Earthship tour showcases cheaper and environmentally friendly way to live

Note: This article is hosted here for archival purposes only. It does not necessarily represent the values of the Iron Warrior or Waterloo Engineering Society in the present day.
Sunday, November 15th marked a very eye-opening experience for me and the twenty or so others who ventured all the way to Clear Creek for the Sustainable Technology Education Project’s (STEP) Earthship tour. While I was initially somewhat sceptical of the value in taking a two hour bus ride in order to spend a few hours learning about these homes, I felt the experience was well worthwhile.
The first stop was an Earthship home, a concept which has been revived this century in New Mexico, though homes made of earth date back millennia. The main principles involve using earth-filled tires (which are donated for free, to avoid paying disposal costs) as walls, insulated glass to warm the home naturally, and radiative walls to ensure the heat is spread throughout the home.
Other innovations include a channel that starts at the front glass wall, draws in the air heated by the sun (as heated air rises) and releases the heat at the back of the house, ensuring the temperature is well modulated throughout. Essentially, the earth itself acts as a massive heat storage unit, trapping the sun’s energy in summer and releasing the energy in winter. I’ll admit I was sceptical that a home could be constructed in Canada with no central heating system, but there are several homes in existence which do just that. Who knew the earth could be such an effective heat sink?
The house has other sustainable features such as a water collection system and wind turbines. Water is collected on the roof, filtered, and stored in cisterns. With an effective water collection system, the home can last up to 6 months without a rainfall, with no need for wells or municipal water. The electricity needed is generated by home-made wind turbines and stored in batteries, meaning the home will be completely off-grid when it is completed.
Most astonishing is the price of this 2500-square-foot home. Made of recycled materials, the cost of construction was around $40,000. Though it is being constructed by its owners, Connie and Craig Cook, along with volunteers, the local officials estimated for tax purposes that the equivalent labour cost is $30,000. In other words, even if they had paid a fair market price for labour, the cost of the home would be a fraction of the equivalent conventional construction. Though modern Earthship homes started in New Mexico, they have shown their adaptability to all regions and climates, with modifications to suit the needs of the inhabitants and region.
Admittedly, Connie and Craig Cook practice a conservationist’s approach when it comes to electricity and water consumption, but their quality of life is in no way degraded. For example, would hang-drying one’s clothes really be that much more inconvenient than using a drying machine? Though they are choosing more simplistic furnishings, there is no real reason why an Earthship home couldn’t be built with modern furniture and decorations, providing the aesthetics and comforts to which we are all accustomed.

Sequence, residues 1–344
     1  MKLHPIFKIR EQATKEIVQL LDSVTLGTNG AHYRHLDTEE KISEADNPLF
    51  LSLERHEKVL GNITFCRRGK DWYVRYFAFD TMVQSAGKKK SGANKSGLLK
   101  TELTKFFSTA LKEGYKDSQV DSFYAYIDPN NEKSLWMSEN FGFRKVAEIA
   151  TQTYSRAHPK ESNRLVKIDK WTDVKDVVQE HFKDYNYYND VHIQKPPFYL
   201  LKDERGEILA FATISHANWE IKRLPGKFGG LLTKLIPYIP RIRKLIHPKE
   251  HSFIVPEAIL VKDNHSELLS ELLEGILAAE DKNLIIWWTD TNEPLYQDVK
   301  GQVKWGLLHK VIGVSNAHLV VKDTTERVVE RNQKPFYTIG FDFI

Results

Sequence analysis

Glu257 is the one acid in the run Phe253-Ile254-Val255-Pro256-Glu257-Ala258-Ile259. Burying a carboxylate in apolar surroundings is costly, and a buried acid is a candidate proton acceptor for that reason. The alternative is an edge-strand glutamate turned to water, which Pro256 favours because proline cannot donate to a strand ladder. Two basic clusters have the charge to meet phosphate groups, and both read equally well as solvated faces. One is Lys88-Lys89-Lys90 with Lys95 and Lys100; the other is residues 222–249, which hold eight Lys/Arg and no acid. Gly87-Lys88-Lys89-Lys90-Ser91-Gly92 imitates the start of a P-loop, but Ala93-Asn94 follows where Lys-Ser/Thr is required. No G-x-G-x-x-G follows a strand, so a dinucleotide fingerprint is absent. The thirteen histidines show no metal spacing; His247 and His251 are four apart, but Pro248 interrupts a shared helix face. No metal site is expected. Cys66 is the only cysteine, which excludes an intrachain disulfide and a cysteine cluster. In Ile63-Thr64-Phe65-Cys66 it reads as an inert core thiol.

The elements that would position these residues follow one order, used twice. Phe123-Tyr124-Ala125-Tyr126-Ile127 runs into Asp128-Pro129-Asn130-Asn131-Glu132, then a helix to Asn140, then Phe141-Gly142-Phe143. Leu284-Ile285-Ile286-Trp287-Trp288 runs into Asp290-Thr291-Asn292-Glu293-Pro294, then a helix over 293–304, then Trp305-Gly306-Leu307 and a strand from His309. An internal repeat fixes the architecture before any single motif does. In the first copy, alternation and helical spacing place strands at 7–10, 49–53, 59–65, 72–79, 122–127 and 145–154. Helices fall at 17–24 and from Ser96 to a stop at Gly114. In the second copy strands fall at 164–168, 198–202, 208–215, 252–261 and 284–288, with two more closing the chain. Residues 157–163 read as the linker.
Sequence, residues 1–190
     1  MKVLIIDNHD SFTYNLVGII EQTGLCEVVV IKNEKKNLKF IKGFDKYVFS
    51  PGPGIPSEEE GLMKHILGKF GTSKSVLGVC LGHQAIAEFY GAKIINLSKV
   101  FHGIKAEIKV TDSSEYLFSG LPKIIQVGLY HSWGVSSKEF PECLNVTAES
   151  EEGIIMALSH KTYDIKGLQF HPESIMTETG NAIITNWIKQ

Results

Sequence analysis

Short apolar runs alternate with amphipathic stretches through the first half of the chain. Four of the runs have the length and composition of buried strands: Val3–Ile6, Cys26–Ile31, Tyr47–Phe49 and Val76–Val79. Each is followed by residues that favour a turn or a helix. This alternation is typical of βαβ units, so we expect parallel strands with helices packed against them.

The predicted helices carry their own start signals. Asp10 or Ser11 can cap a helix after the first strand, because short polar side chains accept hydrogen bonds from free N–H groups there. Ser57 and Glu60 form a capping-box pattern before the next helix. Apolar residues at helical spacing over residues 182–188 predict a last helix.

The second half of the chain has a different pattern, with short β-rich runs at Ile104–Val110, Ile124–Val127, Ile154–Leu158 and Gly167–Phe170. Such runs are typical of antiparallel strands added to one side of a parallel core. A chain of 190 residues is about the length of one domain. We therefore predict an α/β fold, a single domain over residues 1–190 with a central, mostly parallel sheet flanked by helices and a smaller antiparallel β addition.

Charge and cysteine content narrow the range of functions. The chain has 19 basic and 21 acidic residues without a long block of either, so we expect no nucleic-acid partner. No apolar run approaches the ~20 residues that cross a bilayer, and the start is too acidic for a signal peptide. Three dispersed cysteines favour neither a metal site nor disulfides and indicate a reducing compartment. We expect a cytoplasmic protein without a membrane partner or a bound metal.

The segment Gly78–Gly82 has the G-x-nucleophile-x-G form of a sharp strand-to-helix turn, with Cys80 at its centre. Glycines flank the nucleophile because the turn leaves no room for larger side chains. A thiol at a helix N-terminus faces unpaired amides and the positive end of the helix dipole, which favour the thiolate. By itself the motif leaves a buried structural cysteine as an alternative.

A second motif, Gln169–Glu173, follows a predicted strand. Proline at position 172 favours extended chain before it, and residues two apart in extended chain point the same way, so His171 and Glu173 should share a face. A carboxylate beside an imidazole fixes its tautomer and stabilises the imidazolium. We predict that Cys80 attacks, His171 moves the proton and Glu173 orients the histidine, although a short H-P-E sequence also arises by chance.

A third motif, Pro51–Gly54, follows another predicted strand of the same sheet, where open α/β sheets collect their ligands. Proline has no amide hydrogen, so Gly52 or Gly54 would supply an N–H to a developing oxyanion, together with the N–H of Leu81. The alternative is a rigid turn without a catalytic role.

As earth is compacted into the tires, leaving no oxygen, the house is fireproof, and existing Earthship homes have been shown to be resilient to the forces of nature. I asked why more people don’t build these homes if they are cheaper, more comfortable and have lower operating costs. The simple answer was that most people are just ignorant of the self-sufficient mindset, having been so indoctrinated with the idea that we need a very specific, consumerist model to support our luxurious lifestyle.
Another solution is Craig Cook’s homemade wind turbines, which are built from simple materials including scrap parts. The main reason more people do not supply their electricity in this way is simply a knowledge gap-people feel they don’t have the skills necessary to live this kind of lifestyle.
A little closer to our conventional mindset was the next stop on the tour: a straw bale home, courtesy of Larry Wiebe. This home looked and felt just like a regular home, with special additions to accommodate a disabled family member, as well as a miniature lighthouse to have a view over nearby Lake Erie. In fact, without the “truth window”, a small space in the wall showing the insulation, it would be impossible to tell the house was made of straw, rather than conventional materials. As the owner wished to build a second story, the walls were reinforced with wood and steel. However, there are other straw bale homes where the straw is packed tightly enough to act as load-bearing support. The main benefits of this house are the savings in construction materials, and the energy savings due to insulation. Additionally, as straw is a waste product from nearby agricultural lands, there is an enormous environmental benefit in procurement and transportation of materials.
The main lesson I gained from this experience is that we can radically rethink our conventional model of how we live, without sacrificing quality of life. From a cost, environmental, or quality of living perspective, the sustainable model comes out ahead. I would encourage everyone to look at and become better informed about the living options available to us in our world today.

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